GM, Ford and Chrysler have managed to stage a dramatic comeback form the grim years of the last economic depression – a situation that reflects both on sales and their employment levels.
Back in 2008-2009 both GM and Chrysler went through a painful bankruptcy process that saw one under government rule until this year and the latter now a wholly owned subsidiary of Italy’s Fiat SpA. Even Ford narrowly missed the process, selling many of its assets to secure the necessary cash. Now, with their businesses streamlined and the improving economy, high consumer demand triggers production increases and worker hiring.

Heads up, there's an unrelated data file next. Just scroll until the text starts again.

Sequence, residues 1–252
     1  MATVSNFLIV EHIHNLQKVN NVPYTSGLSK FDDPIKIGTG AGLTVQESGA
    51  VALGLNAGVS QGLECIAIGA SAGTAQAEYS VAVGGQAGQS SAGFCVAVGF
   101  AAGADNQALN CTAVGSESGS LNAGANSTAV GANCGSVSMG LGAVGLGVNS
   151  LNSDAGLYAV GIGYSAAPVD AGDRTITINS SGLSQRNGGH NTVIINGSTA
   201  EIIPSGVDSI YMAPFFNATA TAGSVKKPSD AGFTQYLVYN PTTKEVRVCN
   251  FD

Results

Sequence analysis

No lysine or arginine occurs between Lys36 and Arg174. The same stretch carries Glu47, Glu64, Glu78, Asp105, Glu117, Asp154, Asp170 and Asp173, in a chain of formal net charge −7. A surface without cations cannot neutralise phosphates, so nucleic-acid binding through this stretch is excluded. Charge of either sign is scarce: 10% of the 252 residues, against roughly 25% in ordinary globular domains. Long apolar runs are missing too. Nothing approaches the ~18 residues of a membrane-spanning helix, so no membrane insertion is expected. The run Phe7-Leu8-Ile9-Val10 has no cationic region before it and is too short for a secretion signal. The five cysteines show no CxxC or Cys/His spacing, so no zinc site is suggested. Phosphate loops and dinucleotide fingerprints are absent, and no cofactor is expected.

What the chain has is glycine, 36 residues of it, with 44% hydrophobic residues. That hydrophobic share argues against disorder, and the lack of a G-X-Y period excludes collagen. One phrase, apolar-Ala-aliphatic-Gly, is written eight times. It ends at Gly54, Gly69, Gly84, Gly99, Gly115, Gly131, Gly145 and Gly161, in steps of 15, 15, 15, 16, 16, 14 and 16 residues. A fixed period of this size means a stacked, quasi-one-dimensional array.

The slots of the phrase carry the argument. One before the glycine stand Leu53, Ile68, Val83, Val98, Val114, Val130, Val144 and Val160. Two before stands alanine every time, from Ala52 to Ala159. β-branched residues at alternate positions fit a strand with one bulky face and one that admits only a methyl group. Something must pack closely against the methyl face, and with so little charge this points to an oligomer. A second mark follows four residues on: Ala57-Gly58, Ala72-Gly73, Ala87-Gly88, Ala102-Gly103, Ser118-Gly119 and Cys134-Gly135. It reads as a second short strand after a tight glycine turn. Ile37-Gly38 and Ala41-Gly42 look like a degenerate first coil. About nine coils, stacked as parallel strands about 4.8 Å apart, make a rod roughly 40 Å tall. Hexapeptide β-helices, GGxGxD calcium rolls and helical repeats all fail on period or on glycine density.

Pent-up demand for passenger cars and light trucks has taken the auto sales this year to levels the automakers last saw back in 2006, so it’s only normal the plants are adding new shifts and hire additional workers.
The situation also works in the advantage of the automakers – shifts added and new investments adding jobs typically require new hires, starting from a lower base wage than their colleagues that started before 2007.
The tally of auto manufacturing jobs in Michigan – the traditional base of GM, Ford and Chrysler – has risen 50% from July 2009. But the total of 175,000 workers is still below the record employment of 282,400 recorded back in January 2003.